Map borrowed from WineFolly.com.


These mountains have an important role to play since they block clouds, creating a rain shadow for this side of the mountains, which as a result is MUCH drier than the other side, which is where you’ll find Seattle. Thanks to the rain shadow effect this area gets around 300 days of sunshine per year. The region only sees 7 to 8 inches of precipitation each year, which qualifies it as a desert, since by definition anything less than 10 falls into this category.

This region is a latitude 46°N which means it has long days during the growing season, resulting in even more sunshine hours. Of course, given that northern latitude also means that it get cool here, and temperatures drop at night, which helps to preserve acidity in the grapes. The result is a beautiful balance of fruit and freshness.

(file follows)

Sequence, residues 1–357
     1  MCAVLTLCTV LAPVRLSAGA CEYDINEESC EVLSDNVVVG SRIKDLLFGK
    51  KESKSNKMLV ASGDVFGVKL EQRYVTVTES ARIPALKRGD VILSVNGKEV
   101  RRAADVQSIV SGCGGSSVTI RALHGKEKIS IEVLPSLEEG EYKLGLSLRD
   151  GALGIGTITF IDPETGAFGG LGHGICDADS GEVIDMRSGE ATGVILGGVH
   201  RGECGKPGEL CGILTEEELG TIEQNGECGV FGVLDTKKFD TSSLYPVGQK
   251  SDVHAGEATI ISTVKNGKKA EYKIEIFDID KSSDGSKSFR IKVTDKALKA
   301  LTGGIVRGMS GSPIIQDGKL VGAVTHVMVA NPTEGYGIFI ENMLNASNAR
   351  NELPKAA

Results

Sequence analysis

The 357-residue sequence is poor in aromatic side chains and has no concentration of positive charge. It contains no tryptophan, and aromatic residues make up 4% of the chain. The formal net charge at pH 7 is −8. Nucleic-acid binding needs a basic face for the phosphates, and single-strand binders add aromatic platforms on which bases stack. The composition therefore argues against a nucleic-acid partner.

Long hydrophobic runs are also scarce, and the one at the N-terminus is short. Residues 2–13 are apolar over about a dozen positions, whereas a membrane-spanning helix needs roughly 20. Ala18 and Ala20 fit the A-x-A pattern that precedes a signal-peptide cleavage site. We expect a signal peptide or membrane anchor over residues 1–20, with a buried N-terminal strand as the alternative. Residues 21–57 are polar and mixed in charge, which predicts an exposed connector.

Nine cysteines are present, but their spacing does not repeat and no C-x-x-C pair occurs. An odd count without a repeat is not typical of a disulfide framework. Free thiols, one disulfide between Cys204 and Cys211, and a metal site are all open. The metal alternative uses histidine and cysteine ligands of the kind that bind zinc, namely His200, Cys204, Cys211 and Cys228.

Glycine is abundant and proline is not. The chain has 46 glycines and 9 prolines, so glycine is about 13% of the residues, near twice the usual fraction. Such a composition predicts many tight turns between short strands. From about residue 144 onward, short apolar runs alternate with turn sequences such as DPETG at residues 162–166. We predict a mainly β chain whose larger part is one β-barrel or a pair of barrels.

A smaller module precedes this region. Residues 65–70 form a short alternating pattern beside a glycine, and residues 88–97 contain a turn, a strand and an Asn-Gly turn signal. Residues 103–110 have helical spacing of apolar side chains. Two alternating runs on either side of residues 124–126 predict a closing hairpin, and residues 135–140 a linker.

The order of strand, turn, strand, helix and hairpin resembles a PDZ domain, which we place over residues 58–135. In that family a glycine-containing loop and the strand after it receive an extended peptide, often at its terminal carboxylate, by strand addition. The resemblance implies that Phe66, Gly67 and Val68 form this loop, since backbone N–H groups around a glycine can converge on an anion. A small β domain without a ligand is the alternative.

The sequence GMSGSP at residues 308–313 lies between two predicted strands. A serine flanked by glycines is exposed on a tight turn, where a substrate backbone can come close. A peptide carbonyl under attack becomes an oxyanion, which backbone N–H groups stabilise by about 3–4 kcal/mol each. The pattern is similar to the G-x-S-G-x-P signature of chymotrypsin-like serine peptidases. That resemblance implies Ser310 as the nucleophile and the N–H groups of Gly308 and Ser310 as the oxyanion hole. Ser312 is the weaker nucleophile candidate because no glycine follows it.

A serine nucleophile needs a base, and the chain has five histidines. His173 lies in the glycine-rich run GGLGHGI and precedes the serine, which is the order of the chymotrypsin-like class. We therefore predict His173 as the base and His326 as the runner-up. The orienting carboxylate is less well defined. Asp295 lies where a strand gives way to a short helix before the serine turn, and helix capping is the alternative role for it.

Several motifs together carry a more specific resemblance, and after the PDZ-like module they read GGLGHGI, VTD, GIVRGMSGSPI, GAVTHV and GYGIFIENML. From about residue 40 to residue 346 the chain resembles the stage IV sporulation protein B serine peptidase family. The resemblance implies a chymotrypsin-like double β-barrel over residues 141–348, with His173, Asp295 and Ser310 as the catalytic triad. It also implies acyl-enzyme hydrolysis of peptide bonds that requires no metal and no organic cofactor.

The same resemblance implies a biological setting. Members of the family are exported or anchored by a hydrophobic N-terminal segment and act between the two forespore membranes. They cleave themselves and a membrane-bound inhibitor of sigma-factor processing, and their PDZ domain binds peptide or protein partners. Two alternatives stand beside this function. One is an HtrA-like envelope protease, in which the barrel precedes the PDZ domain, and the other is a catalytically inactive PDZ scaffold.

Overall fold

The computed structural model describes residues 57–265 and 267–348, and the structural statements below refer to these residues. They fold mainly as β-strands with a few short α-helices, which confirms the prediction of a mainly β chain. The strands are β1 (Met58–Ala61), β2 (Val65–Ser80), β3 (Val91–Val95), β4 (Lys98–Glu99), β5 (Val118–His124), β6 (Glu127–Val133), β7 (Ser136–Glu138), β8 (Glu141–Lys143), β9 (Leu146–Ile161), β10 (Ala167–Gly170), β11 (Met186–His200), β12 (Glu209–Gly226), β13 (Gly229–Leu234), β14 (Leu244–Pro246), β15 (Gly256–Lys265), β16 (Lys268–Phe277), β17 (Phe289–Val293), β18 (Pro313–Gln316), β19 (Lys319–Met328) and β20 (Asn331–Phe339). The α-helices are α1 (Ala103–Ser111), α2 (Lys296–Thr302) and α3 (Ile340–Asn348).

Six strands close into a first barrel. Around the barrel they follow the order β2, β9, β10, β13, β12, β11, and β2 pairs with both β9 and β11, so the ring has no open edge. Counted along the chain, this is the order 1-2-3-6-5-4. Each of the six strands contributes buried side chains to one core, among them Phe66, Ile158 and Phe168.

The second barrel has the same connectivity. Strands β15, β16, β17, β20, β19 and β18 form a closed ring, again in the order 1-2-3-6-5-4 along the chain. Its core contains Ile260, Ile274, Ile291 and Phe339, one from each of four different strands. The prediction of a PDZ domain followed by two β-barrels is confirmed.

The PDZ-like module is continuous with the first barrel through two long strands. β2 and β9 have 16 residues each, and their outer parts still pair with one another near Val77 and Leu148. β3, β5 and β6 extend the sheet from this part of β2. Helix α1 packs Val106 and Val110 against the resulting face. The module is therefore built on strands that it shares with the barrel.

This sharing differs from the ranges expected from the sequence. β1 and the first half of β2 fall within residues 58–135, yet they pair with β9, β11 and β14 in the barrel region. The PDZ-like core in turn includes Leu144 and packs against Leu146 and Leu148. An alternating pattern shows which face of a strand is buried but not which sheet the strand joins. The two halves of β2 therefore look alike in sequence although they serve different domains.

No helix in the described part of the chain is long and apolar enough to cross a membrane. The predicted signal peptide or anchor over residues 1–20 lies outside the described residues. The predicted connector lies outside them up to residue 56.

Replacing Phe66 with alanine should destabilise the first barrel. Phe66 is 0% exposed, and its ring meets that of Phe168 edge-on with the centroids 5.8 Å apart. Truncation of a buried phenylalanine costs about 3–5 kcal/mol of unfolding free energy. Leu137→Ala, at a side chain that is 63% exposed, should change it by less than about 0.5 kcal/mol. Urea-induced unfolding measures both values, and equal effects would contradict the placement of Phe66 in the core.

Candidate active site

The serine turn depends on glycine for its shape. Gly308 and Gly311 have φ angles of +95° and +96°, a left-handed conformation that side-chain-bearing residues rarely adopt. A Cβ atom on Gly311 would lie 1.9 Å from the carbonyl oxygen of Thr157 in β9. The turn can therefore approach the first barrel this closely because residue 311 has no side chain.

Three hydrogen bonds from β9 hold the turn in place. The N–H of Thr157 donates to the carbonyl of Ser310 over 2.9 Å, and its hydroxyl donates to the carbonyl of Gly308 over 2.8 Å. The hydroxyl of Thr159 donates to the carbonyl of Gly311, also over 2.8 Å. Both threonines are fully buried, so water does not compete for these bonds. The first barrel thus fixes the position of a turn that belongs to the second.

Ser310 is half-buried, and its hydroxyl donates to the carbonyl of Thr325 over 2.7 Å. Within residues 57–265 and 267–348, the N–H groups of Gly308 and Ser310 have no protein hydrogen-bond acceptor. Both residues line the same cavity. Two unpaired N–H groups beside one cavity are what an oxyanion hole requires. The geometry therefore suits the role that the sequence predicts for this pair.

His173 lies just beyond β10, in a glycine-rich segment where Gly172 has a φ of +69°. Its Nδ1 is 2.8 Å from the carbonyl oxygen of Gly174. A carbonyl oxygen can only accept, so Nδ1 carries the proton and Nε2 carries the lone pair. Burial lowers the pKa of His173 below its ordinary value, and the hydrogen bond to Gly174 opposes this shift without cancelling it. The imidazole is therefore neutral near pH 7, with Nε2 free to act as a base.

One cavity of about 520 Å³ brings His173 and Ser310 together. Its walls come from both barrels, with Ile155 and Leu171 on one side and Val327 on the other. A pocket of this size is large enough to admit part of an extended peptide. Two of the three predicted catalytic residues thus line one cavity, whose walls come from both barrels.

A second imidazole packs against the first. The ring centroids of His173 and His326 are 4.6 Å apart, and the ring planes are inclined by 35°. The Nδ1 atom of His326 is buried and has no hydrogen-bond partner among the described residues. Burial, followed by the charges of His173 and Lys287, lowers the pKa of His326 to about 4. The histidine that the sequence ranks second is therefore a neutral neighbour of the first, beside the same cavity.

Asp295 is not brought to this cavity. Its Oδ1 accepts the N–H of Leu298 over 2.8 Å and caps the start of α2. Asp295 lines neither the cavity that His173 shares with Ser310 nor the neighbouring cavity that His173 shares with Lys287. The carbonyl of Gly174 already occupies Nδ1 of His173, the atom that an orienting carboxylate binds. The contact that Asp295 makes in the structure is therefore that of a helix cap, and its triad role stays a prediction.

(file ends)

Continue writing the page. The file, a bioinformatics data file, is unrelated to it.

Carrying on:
Map borrowed from Yakima Valley Wine Tourism.

The soils in the region are also fascinating and important to the character of the wine. The landscape here was carved out by a combination of ancient volcanoes and floods. Volcanoes from both the east and west covered the region in a mixture of ash, basalt, and other volcanic sediments. The volcanic matter also rained down and mixed with the area’s rivers and lakes creating a unique alluvial-volcanic mixture which is called the Ellensburg Formation